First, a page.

“All it could see was a mob of alphabets pushing each other angrily. As soon as it touched down, the thumb ruled supreme. The alphabets re-arranged in neat little tweets”
Unfortunately, this lacklustre attempt at demonstrating how tweets are born, in a manner that can come across as an intelligent piece of microfiction, violates the Twitter limit of 140 characters. But hold on to that chuckle. If you think it’s easy to weave a story within such a tight space, try giving it a shot. Chances are, in the first couple of attempts, your story will only be a shade better than the above gem. Perhaps longer.
And yet authors across the world today are choosing (successfully) to create byte-sized fiction; condensing words and stories to suit this ever emerging medium of brevity. Pulitzer prize-winning author Jennifer Egan first published her story Black Box in 2012 as a series of tweets, before nestling in the conventional space of print in The New Yorker.
Teju Cole, another contemporary author and historian, also took to Twitter to publish his latest longform essay “A Piece of the Wall” in March 2014. He used about 250 tweets for the project. Twitter, that digital space where the 140-character revolution first started, is well attuned to this form of writing that is constantly evolving and looking to experiment with content.
In 2012, it organised the first #TwitterFiction Festival. Spread over a period of five days, the event sought to celebrate the art of storytelling, but entirely on Twitter. You didn’t have to be an established author on Twitter or otherwise to be part of it. Anyone could try their hand at this unique fiction fest using the hashtag #TwitterFiction. Innumerable tales, unimpeded by barriers of exclusivity, censorship and publishers, were told in 140 characters or less.
Pratiksha Rao, 26, the entertainment and partnerships manager at Twitter India, feels that the transparent and inclusive nature of the platform lends itself well to fiction. “Frictionless publishing in today’s context is what’s been made easy by a platform such as Twitter. Everyone has a story to tell, and now they can do so instantly simply by tweeting,” she says.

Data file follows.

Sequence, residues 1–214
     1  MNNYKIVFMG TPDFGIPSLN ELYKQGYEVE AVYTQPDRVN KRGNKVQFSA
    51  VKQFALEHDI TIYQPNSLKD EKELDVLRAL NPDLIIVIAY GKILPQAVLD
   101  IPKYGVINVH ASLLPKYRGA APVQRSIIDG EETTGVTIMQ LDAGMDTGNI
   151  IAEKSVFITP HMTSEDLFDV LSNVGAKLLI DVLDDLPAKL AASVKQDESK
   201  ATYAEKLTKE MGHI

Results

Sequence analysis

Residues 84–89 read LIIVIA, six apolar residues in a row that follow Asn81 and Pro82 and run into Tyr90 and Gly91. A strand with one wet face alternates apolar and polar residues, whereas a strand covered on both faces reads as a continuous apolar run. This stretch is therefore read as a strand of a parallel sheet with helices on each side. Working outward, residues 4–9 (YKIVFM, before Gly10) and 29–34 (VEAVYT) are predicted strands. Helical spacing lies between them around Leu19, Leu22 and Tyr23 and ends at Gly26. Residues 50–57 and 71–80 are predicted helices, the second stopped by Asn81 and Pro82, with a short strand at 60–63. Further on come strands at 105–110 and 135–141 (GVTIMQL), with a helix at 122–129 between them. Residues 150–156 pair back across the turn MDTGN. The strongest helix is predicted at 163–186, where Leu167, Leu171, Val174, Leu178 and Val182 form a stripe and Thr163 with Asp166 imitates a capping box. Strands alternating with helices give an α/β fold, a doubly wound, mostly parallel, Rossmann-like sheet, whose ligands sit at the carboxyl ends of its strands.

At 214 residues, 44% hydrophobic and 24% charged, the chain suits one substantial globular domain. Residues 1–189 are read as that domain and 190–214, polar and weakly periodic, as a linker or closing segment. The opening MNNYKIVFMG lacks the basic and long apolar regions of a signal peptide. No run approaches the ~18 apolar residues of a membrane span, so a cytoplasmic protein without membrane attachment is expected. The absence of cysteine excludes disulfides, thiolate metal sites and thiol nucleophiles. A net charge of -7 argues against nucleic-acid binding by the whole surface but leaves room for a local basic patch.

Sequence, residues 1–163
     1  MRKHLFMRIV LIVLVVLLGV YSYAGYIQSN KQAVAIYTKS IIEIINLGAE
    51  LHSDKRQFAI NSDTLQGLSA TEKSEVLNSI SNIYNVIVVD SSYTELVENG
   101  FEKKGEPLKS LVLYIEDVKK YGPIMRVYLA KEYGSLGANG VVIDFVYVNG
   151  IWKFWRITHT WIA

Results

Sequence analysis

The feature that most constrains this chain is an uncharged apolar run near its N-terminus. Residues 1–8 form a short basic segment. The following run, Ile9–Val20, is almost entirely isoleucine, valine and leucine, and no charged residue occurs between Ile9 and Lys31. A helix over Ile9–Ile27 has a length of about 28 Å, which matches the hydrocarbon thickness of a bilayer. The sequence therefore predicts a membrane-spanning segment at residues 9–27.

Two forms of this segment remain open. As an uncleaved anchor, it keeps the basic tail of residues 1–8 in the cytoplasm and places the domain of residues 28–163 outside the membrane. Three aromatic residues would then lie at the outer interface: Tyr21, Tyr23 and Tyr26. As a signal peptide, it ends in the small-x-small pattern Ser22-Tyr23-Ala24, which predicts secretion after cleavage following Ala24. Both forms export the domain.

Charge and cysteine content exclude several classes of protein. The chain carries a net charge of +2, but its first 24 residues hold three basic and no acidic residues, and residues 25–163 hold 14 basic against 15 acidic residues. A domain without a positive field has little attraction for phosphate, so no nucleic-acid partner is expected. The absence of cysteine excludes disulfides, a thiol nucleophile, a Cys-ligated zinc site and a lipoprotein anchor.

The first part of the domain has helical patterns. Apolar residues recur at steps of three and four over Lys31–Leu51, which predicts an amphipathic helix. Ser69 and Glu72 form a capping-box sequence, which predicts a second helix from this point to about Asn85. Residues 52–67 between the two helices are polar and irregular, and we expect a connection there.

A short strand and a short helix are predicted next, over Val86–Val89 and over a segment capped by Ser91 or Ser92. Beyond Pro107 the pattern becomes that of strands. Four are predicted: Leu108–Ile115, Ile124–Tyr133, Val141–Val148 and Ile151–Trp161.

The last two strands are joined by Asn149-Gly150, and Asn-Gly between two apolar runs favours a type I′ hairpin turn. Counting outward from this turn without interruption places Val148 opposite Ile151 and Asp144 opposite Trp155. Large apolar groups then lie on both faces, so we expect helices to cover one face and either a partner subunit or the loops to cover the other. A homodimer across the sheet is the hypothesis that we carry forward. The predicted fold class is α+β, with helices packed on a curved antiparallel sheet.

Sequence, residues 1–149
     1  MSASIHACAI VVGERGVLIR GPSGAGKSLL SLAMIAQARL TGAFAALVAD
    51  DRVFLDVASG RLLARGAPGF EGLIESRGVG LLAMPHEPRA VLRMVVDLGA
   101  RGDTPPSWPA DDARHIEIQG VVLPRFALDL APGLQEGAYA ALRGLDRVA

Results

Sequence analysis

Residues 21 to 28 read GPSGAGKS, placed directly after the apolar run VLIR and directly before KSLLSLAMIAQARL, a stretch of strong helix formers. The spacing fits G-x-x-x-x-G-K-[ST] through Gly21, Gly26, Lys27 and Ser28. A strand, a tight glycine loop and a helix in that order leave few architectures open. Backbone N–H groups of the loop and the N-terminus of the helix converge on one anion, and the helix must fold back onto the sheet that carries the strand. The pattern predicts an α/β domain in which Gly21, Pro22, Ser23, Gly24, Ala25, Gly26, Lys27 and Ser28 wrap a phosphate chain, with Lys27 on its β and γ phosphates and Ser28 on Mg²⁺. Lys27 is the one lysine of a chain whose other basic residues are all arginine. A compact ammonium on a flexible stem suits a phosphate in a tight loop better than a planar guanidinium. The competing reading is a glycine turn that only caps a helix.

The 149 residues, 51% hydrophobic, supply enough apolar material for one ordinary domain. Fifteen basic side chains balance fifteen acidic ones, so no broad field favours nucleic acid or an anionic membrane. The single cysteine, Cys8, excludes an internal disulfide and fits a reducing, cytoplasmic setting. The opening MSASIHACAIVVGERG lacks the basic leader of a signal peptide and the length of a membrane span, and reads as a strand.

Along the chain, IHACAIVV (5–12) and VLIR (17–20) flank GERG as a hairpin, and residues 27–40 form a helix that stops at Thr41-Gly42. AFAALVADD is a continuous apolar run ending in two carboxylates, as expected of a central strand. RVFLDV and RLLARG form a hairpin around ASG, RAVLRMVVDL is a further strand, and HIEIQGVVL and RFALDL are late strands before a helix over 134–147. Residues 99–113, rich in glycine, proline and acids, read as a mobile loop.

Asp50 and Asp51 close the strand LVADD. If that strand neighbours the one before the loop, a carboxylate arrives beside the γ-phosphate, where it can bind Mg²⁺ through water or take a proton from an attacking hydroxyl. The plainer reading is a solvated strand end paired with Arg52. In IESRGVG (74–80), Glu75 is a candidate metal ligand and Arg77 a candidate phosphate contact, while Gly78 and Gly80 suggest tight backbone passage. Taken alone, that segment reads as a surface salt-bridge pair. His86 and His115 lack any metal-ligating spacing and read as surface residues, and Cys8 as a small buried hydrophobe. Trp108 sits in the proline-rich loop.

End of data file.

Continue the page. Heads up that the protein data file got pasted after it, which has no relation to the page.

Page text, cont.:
This year’s #TwitterFiction Festival was held in collaboration with Penguin-Random House, and Rao says the response to the festival was phenomenal, adding that the 140-character limit ends up testing the imagination of authors and brings out the best in them.
It certainly brought out the creative best in Meghna Pant, 33, Mumbai based author of Happy Birthday! and One and a Half Wife. For the #Twitter-Fiction Festival 2014, Pant chose to narrate the epic saga Mahabharata in 100 tweets. The overarching tale of family, power, war and love — all the layers of the grand Indian epic distilled in 100 little tweets. “Today’s lifestyle leaves very little time for people and somewhere the attention span has reduced,” says Pant. “It isn’t just books, even news channels produce shorter information tablets really, and this is a shift happening across the world not just India.”
Pant adds that she wanted to make the story of Mahabharata more accessible to people who may not have the wherewithal to sift through hundreds of pages. She was already working with Penguin-Random House when they pointed out the #TwitterFiction Festival. Pant pitched her idea and it was accepted with much enthusiasm. “As an author I feel you can tell a good story in a number of ways and length doesn’t really matter. If you know your craft and the story is good, then it will get across to the reader. And the Mahabharata is as good a story as can be. So when I attempted to retell one of the world’s longest stories in the shortest possible form, and was received well, it just proved how a good story always finds an audience,” she says.
If you thought an audience for a 100-tweet Mahabharata was niche, then Devdutt Pattanaik could unsettle your perceptions further. The 43-year-old author and Indian mythologist recently recreated the same epic Mahabharata in 36 tweets! One of the main reasons behind taking on this ambitious task, says Pattanaik, was to show how the Mahabharata is actually a simple text, and not the complex tale that people think it to be.